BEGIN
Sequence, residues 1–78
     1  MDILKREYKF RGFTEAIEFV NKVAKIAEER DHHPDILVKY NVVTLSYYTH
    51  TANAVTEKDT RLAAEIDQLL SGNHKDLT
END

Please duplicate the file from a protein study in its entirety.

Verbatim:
Sequence, residues 1–78
     1  MDILKREYKF RGFTEAIEFV NKVAKIAEER DHHPDILVKY NVVTLSYYTH
    51  TANAVTEKDT RLAAEIDQLL SGNHKDLT